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Te Heke o Te Rangihouhiri - 6 Jun


Ngai Te Rangi iwi originally came from a land called Hawaiiki. Upon arriving in Aotearoa New Zealand aboard the Mataatua Canoe the tribe later settled in the Opotiki area at a fortified village called Tawhitirahi, notwithstanding this Ngai Te Rangi iwi are also descended from the original inhabitants of Tauranga and the pre-waka people or pre-migration people who traversed the entire Bay of Plenty, through intermarriage after the arrival of the canoes. In circa 1650 AD the tribe undertook an arduous and sometimes challenging migration around the East Coast of the North Island of New Zealand called Te Heke o Te Rangihouhiri or the Journey of Ngai Te Rangi iwi. This is detailed in evidence to the Waitangi Tribunal WA 540.

Ngai Te Rangi are descended from crew members of the Mataatua canoe, and Whaene, brother of Ranginui. The tribe originally lived in Opotiki, but were pushed out by Ngati Ha and migrated to the Gisborne district. They were not there long before trouble arose again and they moved around the coast to Torere and to Whakatane, finally settling at Matata. By this time, in the 18th century, they had become known as Ngai Te Rangihouhiri, named after their leader Te Rangihouhiri. He was the son of Romainohorangi, also known as Rongomainohorangi.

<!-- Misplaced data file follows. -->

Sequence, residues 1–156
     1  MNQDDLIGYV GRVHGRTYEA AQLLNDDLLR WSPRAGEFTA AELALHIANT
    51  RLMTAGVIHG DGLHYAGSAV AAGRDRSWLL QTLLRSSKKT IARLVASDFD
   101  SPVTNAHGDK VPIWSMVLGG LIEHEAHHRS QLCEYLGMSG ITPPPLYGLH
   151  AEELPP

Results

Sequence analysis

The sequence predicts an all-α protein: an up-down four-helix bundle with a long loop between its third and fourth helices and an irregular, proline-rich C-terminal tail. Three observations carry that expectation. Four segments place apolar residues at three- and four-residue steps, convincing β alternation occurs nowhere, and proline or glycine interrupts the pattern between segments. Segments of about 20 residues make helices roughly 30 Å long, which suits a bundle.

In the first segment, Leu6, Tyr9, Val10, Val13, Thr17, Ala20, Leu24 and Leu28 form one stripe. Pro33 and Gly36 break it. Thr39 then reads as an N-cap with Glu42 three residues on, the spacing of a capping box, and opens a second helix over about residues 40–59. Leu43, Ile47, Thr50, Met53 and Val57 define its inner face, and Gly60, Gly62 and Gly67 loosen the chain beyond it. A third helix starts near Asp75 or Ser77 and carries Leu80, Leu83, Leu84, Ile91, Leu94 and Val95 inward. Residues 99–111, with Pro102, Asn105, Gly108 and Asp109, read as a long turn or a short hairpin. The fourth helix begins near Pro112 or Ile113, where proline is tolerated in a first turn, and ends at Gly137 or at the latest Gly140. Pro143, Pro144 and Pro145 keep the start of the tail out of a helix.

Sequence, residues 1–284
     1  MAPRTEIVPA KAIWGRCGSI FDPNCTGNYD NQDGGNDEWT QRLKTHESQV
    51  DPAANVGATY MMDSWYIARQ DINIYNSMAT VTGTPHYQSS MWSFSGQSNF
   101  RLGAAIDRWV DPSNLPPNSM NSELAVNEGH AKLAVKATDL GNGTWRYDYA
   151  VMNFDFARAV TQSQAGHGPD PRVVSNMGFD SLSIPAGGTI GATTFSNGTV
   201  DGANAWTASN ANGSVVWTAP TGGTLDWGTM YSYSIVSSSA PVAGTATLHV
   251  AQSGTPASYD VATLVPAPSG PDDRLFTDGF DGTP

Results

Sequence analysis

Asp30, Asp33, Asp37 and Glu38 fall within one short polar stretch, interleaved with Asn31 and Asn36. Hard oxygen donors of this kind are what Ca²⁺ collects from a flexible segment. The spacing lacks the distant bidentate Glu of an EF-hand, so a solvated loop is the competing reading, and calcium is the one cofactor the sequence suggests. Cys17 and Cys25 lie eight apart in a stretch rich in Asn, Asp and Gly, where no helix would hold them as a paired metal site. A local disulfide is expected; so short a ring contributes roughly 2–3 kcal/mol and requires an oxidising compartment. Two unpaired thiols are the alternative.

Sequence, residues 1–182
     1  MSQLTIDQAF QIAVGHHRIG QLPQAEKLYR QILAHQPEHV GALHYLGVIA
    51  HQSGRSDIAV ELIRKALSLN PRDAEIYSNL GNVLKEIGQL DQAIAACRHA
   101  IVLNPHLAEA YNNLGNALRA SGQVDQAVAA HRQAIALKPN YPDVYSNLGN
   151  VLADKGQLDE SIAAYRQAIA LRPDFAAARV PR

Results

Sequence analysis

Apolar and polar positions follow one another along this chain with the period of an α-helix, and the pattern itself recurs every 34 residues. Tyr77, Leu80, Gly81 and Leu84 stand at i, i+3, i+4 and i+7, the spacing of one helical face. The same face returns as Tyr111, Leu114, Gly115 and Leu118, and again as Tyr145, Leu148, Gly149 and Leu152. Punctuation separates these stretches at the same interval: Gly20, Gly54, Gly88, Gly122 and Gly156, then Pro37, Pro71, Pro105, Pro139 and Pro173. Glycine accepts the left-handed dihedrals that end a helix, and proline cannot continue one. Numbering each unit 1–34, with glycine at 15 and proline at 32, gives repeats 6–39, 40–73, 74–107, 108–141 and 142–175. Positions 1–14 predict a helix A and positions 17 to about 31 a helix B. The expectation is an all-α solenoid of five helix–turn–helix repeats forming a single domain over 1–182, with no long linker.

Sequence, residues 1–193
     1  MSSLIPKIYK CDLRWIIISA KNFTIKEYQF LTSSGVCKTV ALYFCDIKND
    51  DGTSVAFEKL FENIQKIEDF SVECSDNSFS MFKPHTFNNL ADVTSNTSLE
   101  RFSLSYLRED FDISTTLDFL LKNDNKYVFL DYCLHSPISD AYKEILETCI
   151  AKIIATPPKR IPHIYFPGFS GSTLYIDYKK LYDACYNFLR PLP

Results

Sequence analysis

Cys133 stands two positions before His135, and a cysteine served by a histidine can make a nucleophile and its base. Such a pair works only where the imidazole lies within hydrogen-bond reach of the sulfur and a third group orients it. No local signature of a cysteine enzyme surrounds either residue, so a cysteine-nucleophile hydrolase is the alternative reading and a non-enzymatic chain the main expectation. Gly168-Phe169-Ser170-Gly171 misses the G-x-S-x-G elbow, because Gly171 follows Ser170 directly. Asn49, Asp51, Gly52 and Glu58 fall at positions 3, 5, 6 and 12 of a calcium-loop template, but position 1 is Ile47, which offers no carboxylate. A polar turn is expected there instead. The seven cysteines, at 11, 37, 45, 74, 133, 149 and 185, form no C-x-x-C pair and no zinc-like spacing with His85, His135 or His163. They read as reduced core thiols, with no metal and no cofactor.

While they were there, Tamapahore, the brother of Te Rangihouhiri, went to visit his relations at Maketu. Despite a gift of land, it was not long before war broke out. During one of the battles Tutengaehe, Te Rangihouhiri's eldest son, was killed. Overcome with grief, Te Rangihouhiri prophesied his own demise, saying, 'Farewell my son. You depart on the evening tide, and I shall follow you on the morning tide.'
The next day Te Rangihouhiri entered into battle at Poporohuamea near Little Waihi, and met his end. On his death his people adopted the name Ngai Te Rangi, rallied to avenge his death, and took possession of the land.

Ngai Te Rangi were now determined to gain a foothold in Tauranga Moana, the home of their ancestor Whaene. After a series of battles, they secured Tauranga Moana as their permanent home, displacing the Ngati Ranginui and Waitaha people then in occupation. They eventually settled much of the Tauranga Moana region, including the islands Matakana, Tuhua (Mayor Island) and Motiti.


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